British Steel unveils roadmap to Net Zero with investment pledge in green technology

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British Steel has unveiled its roadmap to Net Zero – outlining its commitment to the biggest transformation in its history.

The company, a major emitter at the heart of the most carbon intensive industrial cluster in the UK, has pledged to invest in a range of technologies to deliver net-zero steel by 2050, and significantly reduce its CO2 intensity by 2030 and 2035.

Plans, described as in line with UK commitments to the Paris Agreement, will see the business adopt a science-based target in order to validate its reductions.

Read more: How the Humber can become industrial equivalent of Silicon Valley

British Steel chairman and chief executive of parent company Jingye, Huiming Li, said: “We firmly believe our products can play a central role in transitioning to a low-carbon, circular economy and we have ambitious plans to reduce the carbon intensity of our operations, with solutions that are globally recognised and accepted.

“Embracing new technology and ways of working will help our drive towards a phased reduction of CO2 emissions by 2030, 2035 and 2050. And while there is no doubt decarbonisation is a major challenge for our business – the biggest we have faced in 130 years of steelmaking – we’re committed to creating a clean, green and sustainable future for British Steel.”

The Scunthorpe-headquartered company’s efforts to decarbonise the business are already underway, with a variety of projects being implemented to improve environmental performance.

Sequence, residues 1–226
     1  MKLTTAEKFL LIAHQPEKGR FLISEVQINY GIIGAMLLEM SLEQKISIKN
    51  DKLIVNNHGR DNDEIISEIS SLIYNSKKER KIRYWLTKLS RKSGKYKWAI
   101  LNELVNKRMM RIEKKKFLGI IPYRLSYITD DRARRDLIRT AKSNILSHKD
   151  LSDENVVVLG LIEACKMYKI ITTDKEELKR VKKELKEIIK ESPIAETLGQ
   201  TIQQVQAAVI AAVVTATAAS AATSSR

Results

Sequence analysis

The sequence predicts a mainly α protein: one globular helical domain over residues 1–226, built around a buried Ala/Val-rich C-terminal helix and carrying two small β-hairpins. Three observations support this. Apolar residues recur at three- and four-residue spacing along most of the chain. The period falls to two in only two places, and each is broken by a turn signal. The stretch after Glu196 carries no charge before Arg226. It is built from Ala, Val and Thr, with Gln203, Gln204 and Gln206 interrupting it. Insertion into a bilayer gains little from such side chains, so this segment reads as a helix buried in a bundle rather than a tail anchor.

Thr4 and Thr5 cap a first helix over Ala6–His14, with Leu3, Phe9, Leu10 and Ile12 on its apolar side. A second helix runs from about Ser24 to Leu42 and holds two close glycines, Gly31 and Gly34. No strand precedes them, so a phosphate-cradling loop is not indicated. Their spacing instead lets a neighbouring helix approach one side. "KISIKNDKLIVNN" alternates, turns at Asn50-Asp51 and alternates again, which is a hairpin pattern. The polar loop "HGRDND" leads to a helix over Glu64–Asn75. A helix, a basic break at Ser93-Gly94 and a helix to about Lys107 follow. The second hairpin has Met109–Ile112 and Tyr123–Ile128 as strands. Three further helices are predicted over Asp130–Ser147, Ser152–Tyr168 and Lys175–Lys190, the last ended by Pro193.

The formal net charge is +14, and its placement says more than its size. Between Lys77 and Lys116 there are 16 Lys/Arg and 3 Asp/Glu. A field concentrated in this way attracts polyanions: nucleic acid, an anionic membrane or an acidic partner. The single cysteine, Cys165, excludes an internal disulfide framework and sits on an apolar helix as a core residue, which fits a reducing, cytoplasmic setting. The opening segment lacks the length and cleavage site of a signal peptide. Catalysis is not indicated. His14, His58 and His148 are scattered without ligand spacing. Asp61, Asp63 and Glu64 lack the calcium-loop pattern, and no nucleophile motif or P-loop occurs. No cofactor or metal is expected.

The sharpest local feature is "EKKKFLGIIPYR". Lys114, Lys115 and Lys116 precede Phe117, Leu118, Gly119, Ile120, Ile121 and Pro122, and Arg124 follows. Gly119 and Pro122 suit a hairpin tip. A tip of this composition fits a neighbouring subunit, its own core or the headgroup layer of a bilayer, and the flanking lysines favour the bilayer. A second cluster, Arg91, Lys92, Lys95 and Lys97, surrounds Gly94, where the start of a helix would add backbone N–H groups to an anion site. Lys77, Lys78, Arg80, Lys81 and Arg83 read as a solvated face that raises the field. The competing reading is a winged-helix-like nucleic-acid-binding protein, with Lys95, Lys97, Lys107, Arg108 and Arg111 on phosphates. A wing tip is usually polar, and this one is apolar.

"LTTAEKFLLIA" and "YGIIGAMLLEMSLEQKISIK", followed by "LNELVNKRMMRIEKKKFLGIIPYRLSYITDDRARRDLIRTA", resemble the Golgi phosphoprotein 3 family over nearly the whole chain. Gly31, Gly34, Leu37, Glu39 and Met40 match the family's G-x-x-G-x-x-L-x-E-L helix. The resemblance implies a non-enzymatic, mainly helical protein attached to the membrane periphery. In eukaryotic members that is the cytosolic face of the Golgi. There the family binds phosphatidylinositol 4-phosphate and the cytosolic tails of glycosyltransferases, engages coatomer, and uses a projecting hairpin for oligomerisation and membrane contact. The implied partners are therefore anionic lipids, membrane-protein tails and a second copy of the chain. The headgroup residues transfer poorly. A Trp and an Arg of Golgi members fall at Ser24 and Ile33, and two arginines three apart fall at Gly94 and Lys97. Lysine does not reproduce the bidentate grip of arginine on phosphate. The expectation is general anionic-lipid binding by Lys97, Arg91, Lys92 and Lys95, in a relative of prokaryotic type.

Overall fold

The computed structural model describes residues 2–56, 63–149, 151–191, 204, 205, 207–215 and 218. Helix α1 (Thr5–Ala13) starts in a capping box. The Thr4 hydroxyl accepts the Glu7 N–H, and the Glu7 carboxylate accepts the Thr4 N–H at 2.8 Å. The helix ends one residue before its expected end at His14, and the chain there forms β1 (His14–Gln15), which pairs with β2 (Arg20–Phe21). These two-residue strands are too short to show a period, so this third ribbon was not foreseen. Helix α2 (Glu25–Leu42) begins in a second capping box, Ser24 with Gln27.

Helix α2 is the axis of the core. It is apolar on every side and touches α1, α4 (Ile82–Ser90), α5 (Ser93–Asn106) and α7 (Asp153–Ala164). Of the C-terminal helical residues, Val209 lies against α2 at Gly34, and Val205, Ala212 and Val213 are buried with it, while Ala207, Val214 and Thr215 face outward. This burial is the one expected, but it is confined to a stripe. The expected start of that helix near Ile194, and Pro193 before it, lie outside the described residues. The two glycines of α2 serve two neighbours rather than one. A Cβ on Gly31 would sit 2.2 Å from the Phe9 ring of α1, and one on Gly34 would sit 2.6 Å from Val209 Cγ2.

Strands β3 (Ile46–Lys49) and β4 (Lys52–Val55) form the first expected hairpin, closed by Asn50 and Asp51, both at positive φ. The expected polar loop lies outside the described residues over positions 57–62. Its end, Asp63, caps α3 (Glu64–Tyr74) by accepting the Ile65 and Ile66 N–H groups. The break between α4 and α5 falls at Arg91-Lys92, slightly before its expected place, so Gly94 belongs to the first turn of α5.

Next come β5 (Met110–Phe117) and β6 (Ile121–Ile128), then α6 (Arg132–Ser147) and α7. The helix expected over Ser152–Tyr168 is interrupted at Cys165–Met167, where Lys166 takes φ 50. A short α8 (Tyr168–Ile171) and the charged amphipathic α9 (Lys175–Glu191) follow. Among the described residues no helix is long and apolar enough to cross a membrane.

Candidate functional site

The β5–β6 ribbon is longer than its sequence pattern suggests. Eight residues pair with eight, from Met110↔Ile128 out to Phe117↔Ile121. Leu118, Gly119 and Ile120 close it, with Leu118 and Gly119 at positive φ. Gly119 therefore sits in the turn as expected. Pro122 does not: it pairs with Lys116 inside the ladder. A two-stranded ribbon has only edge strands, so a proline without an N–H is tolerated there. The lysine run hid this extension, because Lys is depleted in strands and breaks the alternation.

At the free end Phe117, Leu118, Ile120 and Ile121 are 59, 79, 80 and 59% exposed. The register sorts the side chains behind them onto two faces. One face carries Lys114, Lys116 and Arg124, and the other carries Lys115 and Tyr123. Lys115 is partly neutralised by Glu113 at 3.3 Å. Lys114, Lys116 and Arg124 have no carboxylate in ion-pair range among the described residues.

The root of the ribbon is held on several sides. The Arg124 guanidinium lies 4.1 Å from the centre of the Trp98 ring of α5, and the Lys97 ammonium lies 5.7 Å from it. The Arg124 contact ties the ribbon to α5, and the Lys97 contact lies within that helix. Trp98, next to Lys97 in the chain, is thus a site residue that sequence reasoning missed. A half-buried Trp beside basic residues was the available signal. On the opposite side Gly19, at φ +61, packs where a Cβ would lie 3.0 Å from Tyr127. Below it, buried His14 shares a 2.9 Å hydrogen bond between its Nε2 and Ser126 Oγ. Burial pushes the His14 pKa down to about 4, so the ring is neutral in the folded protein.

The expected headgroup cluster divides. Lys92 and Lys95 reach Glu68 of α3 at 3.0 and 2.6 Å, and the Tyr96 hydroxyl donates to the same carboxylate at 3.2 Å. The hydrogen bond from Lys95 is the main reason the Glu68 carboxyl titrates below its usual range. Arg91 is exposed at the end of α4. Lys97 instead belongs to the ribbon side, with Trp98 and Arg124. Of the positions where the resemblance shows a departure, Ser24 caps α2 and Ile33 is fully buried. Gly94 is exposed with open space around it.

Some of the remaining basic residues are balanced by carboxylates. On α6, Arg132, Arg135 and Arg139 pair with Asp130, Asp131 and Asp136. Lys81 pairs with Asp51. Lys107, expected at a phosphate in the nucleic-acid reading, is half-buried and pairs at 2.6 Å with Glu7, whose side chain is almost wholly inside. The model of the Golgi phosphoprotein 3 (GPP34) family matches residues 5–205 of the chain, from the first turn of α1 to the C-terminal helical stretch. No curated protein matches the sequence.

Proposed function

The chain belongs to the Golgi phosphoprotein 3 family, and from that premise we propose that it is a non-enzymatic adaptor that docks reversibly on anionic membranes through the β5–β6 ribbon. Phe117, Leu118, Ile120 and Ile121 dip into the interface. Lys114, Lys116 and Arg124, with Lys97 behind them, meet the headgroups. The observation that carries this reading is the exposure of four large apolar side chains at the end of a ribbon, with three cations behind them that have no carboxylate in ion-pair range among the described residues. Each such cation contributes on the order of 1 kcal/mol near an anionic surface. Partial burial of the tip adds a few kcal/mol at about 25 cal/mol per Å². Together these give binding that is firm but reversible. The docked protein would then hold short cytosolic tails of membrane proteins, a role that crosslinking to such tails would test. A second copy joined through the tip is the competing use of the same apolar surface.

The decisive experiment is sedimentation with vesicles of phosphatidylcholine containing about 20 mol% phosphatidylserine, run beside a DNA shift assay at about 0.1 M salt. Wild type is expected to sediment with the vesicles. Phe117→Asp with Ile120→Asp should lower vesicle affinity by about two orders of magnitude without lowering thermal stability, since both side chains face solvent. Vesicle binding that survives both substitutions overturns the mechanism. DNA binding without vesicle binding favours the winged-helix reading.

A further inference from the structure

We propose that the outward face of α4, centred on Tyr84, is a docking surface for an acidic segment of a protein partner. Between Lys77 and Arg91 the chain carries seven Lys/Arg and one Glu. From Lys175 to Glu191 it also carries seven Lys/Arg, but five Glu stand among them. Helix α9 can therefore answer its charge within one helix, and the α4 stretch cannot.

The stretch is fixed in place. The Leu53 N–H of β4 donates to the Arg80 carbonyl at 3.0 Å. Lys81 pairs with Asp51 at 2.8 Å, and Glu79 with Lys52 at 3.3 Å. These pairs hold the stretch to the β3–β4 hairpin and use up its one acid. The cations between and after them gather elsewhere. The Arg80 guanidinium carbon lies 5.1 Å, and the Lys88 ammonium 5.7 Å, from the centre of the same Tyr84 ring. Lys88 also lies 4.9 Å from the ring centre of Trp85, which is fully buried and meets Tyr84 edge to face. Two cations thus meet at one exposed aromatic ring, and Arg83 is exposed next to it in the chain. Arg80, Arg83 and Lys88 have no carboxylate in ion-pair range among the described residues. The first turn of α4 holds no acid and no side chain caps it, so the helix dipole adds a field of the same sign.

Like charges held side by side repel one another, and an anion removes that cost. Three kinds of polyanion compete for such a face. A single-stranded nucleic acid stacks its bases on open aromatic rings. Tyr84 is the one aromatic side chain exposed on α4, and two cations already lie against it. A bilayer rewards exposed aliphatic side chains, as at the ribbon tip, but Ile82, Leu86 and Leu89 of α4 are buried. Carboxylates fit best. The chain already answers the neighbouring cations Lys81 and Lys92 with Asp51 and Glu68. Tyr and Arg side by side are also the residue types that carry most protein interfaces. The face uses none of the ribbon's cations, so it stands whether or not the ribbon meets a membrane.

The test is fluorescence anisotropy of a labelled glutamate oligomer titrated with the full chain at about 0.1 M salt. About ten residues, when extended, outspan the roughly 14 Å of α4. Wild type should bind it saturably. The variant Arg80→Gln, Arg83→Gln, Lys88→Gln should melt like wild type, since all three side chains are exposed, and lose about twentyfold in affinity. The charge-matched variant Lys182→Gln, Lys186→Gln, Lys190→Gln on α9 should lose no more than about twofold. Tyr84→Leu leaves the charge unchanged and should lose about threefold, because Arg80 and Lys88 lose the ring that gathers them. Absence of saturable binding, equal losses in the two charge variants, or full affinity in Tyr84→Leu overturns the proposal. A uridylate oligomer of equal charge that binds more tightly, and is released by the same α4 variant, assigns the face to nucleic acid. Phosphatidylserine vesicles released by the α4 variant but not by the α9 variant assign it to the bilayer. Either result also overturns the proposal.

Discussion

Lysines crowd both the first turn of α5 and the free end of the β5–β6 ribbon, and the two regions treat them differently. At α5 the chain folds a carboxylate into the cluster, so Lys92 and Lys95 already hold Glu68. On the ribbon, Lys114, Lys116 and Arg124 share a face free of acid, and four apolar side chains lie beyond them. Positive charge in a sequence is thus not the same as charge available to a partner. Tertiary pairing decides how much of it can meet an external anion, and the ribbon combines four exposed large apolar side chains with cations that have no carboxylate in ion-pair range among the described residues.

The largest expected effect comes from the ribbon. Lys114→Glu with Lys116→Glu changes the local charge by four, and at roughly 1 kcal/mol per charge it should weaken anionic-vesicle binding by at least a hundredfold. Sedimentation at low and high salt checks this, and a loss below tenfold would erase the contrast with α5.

It has recently increased the amount of scrap used in the integrated steelmaking route and plans to further increase this by 2023, and it is progressing the use of hot briquetted iron and scrap in the iron making process. These will have an immediate and significant CO2 reduction.

“Biggest challenge in 130 years of steelmaking” – how Huiming Li has described reaching Net Zero for British Steel.

It is also part of the Zero Carbon Humber partnership – a dual network featuring carbon capture and storage and hydrogen distribution.

An increase in scrap use and electric arc furnace steelmaking are also to be used, while light weighting and life extension will bring benefits to end users.

Mr Li said: “When we bought British Steel 18 months ago we promised to transform the company into a sustainable business and decarbonisation is fundamental to this. We have implemented a number of significant projects to enhance operations and, fuelled by the drive of our employees, we have introduced many positive changes.

“A great deal of hard work lies ahead but achieving aggressive emissions reductions is possible within the ambitious timescales of the UK government. However, successful implementation of our Low-Carbon Roadmap requires appropriate backing from the UK government through supporting policies and frameworks.

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“The UK government has already been supportive of the measures we have in place to significantly improve our manufacturing operations, energy efficiency and environmental performance in agreed timescales. Now we require its site-specific support for a rapid transition, which will partially involve technologies not yet available on an industrial scale. We will work closely with them to achieve current and new targets and deliver on our net-zero promise.”

The release comes as the COP26 United Nations Climate Change Conference comes to the UK next month, while closer to home The Waterline Summit takes place this month.

British Steel currently operates two out of four blast furnaces at Scunthorpe, with Teesside Beam Mill at Lackenby, the Special Profiles division at Skinningrove and FN Steel in Holland. It also operates Immingham Bulk Terminal – the dedicated port facility.

Mr Li said: “Steel is the world’s most recycled material and vital to modern economies. Over the coming decades, global demand is expected to grow to meet rising social and economic need, so we’ll keep working together with our customers and suppliers to ensure we deliver the net-zero steel society needs.”

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